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Connecting to SQL Database By Using Azure Active Directory Authentication #Azure #SQL #Cloud

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Azure Active Directory authentication is a mechanism of connecting to Microsoft Azure SQL Database by using identities in Azure Active Directory (Azure AD). With Azure Active Directory authentication you can centrally manage the identities of database users and other Microsoft services in one central location. Central ID management provides a single place to manage SQL Database users and simplifies permission management. Benefits include the following:

  • It provides an alternative to SQL Server authentication.
  • Helps stop the proliferation of user identities across database servers.
  • Allows password rotation in a single place
  • Customers can manage database permissions using external (AAD) groups.
  • It can eliminate storing passwords by enabling integrated Windows authentication and other forms of authentication supported by Azure Active Directory.
  • Azure Active Directory authentication uses contained database users to authenticate identities at the database level.

The configuration steps include the following procedures to configure and use Azure Active Directory authentication.

  1. Create and populate an Azure Active Directory
  2. Ensure your database is in Azure SQL Database V12
  3. Optional: Associate or change the active directory that is currently associated with your Azure Subscription
  4. Create an Azure Active Directory administrator for Azure SQL Server
  5. Configure your client computers
  6. Create contained database users in your database mapped to Azure AD identities
  7. Connect to your database by using Azure AD identities

The following diagram indicates the federation, trust, and hosting relationships that allow a client to connect to a database by submitting a token that was authenticated by an Azure AD, and which is trusted by the database. It’s important to understand that access to a database using Azure AD authentication requires that the hosting subscription is associated to the Azure Active Directory.


Administrator structure

When using Azure AD authentication there will be two Administrator accounts for the SQL Database server; the original SQL Server administrator and the Azure AD administrator. Only the administrator based on an Azure AD account can create the first Azure AD contained database user in a user database. The Azure AD administrator login can be an Azure AD user or an Azure AD group. When the administrator is a group account, it can be used by any group member, enabling multiple Azure AD administrators for the SQL Server instance. Using group account as an administrator enhances manageability by allowing you to centrally add and remove group members in Azure AD without changing the users or permissions in SQL Database. Only one Azure AD administrator (a user or group) can be configured at any time.



To create new users you must have the ALTER ANY USER permission in the database. The ALTER ANY USER permission can be granted to any database user. The ALTER ANY USER permission is also held by the server administrator accounts, and database users with the CONTROL ON DATABASE or ALTER ON DATABASE permission for that database, and by members of the db_owner database role.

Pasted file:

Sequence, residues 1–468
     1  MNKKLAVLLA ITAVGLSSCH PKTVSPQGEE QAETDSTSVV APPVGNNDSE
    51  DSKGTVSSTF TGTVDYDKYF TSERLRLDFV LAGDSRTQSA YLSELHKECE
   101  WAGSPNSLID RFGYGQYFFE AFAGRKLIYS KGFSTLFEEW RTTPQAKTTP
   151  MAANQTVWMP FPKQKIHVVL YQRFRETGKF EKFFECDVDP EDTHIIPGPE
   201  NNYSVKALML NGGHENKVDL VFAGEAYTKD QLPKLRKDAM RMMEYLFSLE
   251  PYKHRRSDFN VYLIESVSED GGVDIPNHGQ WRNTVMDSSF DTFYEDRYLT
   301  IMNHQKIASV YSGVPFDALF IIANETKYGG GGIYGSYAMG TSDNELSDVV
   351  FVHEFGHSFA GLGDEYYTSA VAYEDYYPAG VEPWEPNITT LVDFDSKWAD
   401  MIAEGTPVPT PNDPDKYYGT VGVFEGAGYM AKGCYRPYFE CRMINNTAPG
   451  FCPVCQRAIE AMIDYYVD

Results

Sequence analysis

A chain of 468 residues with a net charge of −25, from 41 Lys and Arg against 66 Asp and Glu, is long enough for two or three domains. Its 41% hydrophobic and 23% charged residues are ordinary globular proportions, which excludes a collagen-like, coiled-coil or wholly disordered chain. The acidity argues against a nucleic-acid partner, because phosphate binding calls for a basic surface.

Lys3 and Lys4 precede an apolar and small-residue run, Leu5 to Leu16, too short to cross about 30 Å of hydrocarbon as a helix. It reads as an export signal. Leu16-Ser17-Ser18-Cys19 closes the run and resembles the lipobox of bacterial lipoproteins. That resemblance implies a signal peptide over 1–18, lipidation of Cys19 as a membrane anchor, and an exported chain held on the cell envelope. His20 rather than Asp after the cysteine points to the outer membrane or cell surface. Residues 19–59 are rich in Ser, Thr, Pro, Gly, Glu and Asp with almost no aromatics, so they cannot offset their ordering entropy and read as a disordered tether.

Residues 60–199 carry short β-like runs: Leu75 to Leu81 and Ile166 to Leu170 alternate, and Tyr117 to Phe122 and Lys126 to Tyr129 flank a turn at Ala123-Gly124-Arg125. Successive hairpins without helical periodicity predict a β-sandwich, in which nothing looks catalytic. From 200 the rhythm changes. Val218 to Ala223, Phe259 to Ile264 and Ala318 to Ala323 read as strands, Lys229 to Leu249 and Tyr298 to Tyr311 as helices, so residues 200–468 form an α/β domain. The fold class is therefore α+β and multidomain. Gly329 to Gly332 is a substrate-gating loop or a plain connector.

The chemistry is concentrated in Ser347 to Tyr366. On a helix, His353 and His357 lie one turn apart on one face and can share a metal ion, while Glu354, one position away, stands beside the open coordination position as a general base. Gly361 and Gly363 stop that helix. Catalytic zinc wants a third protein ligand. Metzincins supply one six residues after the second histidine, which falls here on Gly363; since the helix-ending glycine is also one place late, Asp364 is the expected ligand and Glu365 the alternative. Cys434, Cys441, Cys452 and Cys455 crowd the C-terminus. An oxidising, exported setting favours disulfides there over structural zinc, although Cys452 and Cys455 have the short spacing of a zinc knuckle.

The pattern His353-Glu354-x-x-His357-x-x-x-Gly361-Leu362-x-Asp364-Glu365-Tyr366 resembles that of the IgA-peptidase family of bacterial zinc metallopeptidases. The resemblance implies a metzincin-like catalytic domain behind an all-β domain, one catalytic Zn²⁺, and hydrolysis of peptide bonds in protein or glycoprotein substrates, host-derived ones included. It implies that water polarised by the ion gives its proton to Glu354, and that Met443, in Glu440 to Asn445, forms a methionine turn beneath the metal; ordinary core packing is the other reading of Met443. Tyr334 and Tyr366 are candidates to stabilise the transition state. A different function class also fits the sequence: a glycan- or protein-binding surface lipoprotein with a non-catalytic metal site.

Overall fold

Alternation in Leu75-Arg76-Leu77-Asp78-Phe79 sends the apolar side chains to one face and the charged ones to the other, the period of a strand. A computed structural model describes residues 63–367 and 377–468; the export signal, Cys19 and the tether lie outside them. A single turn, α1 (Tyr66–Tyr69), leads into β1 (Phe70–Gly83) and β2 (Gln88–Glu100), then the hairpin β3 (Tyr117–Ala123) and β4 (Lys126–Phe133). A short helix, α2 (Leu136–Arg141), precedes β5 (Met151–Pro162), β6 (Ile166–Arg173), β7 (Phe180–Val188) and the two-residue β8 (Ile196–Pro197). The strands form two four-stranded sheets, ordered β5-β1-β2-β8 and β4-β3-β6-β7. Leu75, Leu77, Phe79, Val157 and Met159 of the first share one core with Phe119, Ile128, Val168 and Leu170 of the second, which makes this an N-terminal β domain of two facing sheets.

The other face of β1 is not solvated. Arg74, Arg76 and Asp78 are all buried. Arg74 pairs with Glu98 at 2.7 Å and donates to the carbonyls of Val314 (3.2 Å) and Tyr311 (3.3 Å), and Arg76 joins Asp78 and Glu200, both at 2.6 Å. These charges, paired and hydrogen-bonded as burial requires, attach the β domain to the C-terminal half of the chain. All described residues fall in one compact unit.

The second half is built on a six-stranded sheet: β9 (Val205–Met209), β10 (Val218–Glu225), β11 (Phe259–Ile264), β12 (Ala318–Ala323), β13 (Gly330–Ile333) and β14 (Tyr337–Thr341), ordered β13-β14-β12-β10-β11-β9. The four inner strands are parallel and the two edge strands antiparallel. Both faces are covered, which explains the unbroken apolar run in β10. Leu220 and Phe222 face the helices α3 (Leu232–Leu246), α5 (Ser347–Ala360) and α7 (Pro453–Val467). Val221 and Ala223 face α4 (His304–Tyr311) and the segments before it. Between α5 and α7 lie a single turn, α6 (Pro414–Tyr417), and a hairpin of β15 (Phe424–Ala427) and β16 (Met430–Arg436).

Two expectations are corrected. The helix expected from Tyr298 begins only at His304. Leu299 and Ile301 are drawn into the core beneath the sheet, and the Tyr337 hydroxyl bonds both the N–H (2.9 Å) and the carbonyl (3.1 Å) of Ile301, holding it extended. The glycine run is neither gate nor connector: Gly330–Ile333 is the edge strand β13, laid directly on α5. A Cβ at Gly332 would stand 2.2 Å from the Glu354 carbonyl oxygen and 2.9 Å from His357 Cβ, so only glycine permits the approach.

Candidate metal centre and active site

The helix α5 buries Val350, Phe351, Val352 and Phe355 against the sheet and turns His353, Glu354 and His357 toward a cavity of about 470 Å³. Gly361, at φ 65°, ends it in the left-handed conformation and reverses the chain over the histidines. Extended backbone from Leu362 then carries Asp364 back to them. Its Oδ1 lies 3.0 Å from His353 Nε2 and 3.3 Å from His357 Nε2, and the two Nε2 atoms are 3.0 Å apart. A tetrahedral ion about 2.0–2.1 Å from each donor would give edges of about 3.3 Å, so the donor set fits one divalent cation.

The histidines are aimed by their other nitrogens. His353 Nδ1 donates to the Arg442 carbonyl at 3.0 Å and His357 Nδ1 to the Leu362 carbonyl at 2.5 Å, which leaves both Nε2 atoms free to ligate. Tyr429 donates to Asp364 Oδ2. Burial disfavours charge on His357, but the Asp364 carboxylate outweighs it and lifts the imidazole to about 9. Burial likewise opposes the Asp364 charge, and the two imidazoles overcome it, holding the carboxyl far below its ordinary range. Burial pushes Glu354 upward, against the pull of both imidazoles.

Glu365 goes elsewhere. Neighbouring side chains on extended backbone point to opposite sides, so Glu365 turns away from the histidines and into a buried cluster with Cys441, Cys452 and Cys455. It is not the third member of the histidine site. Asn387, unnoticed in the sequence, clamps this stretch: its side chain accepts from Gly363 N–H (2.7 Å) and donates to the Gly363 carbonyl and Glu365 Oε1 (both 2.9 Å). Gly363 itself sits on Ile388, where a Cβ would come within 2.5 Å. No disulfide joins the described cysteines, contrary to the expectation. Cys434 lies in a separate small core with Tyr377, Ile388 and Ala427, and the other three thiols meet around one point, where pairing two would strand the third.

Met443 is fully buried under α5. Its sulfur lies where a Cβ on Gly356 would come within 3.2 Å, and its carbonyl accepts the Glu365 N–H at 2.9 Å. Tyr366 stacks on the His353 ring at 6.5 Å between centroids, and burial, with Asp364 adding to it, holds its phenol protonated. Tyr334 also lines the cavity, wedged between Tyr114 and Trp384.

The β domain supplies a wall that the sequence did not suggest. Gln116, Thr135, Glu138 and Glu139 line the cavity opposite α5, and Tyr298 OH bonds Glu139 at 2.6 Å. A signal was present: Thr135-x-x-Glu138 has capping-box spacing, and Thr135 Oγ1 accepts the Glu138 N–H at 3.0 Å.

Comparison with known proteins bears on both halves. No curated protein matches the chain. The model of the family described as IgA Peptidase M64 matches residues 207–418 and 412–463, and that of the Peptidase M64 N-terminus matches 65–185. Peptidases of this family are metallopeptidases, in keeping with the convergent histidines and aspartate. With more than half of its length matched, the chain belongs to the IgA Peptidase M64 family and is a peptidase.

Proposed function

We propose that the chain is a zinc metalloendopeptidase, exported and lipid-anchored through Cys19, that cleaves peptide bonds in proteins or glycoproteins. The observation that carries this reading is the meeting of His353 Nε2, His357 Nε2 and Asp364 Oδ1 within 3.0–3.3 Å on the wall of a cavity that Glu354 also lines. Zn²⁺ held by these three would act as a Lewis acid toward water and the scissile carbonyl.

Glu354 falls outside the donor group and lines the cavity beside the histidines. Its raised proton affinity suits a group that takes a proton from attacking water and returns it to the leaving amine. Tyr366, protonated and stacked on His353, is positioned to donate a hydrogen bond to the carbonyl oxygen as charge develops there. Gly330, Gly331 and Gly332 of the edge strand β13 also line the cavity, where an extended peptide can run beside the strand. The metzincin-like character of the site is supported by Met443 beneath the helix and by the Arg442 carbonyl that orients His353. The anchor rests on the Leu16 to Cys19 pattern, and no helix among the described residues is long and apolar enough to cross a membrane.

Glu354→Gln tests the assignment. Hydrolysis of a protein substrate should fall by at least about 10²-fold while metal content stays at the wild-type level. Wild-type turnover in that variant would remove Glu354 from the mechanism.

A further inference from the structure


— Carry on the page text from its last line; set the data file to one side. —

To create a contained database user in Azure SQL Database you must connect to the database using an Azure AD identity. To create the first contained database user, you must connect to the database by using an Azure AD administrator (who is the owner of the database). This is demonstrated in steps 4 and 5 below.

Azure AD features and limitations

The following members of Azure Active Directory can be provisioned in Azure SQL Server: – Native members: A member created in Azure AD in the managed domain or in a customer domain. For more information, see Add your own domain name to Azure AD. – Federated domain members: A member created in Azure AD with a federated domain. For more information, see Windows Azure now supports federation with Windows Server Active Directory. – Imported members from other Azure Active Directories who are native or federated domain members. – Active Directory groups created as security groups.

Microsoft accounts (for example,, or other guest accounts (for example, are not supported. If you can login to using the account and password, then you are using a Microsoft account which is not supported for Azure AD authentication for Azure SQL Database.

Additional considerations

  • To enhance manageability we recommended you provision a dedicated Azure Active Directory group as an administrator.
  • Only one Azure AD administrator (a user or group) can be configured for an Azure SQL Server at any time.
  • Only an Azure Active Directory administrator can initially connect to the Azure SQL Server using an Azure Active Directory account. The Active Directory administrator can configure subsequent Azure Active Directory database users.
  • We recommend setting the connection timeout to 30 seconds.
  • Some tools like BI and Excel are not supported.
  • Azure Active Directory authentication only supports the .NET Framework Data Provider for SqlServer (at least version .NET Framework 4.6). Therefor Management Studio (available with SQL Server 2016) and data-tier applications (DAC and .bacpac) can connect, but sqlcmd.exe cannot connect because sqlcmd uses the ODBC provider.
  • Two-factor authentication or other forms of interactive authentication are not supported.

Here you can read more about the steps Connecting to SQL Database By Using Azure Active Directory Authentication




Author: James van den Berg

I'm Microsoft Architect and ICT Specialist and Microsoft MVP System Center Cloud and Datacenter Management

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